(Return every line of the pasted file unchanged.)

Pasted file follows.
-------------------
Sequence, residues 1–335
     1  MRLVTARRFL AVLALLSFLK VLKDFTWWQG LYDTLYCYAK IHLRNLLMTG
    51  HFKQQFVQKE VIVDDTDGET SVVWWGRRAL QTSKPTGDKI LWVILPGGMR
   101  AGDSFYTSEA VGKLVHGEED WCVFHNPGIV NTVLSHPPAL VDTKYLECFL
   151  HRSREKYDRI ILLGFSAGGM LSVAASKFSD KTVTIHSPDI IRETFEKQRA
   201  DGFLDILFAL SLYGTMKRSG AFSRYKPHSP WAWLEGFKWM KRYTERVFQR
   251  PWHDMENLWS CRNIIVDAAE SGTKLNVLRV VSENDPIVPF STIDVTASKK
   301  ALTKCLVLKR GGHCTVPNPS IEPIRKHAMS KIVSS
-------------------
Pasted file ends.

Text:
Sequence, residues 1–335
     1  MRLVTARRFL AVLALLSFLK VLKDFTWWQG LYDTLYCYAK IHLRNLLMTG
    51  HFKQQFVQKE VIVDDTDGET SVVWWGRRAL QTSKPTGDKI LWVILPGGMR
   101  AGDSFYTSEA VGKLVHGEED WCVFHNPGIV NTVLSHPPAL VDTKYLECFL
   151  HRSREKYDRI ILLGFSAGGM LSVAASKFSD KTVTIHSPDI IRETFEKQRA
   201  DGFLDILFAL SLYGTMKRSG AFSRYKPHSP WAWLEGFKWM KRYTERVFQR
   251  PWHDMENLWS CRNIIVDAAE SGTKLNVLRV VSENDPIVPF STIDVTASKK
   301  ALTKCLVLKR GGHCTVPNPS IEPIRKHAMS KIVSS